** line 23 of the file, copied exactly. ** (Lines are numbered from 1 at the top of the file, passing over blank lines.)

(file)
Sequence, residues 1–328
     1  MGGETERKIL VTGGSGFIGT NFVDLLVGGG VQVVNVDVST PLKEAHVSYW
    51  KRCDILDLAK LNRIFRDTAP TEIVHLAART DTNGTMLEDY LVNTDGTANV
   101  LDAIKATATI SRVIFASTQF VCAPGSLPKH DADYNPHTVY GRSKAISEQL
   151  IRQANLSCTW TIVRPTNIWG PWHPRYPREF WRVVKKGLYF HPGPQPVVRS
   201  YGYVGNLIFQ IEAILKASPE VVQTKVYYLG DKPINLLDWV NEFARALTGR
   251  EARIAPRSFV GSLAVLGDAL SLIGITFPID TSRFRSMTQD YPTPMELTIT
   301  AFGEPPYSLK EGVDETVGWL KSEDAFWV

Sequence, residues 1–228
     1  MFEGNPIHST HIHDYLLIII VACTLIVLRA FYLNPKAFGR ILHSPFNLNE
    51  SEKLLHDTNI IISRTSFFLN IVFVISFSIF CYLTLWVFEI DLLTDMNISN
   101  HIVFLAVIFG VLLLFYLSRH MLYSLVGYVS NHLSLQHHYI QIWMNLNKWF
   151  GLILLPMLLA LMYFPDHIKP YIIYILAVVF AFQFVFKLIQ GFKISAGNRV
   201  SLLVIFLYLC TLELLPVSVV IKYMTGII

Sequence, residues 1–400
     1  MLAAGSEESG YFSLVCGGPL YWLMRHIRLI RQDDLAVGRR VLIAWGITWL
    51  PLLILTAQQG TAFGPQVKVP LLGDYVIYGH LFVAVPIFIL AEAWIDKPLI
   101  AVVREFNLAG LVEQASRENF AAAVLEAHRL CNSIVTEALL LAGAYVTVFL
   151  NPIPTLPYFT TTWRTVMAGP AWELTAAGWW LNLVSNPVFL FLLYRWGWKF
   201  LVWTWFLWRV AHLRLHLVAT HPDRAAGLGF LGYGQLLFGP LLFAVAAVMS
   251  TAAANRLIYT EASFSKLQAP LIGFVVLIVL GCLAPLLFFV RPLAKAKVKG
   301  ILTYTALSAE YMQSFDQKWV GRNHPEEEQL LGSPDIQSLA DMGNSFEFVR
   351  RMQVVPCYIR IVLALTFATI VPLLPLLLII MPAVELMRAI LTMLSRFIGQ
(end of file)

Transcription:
   351  RMQVVPCYIR IVLALTFATI VPLLPLLLII MPAVELMRAI LTMLSRFIGQ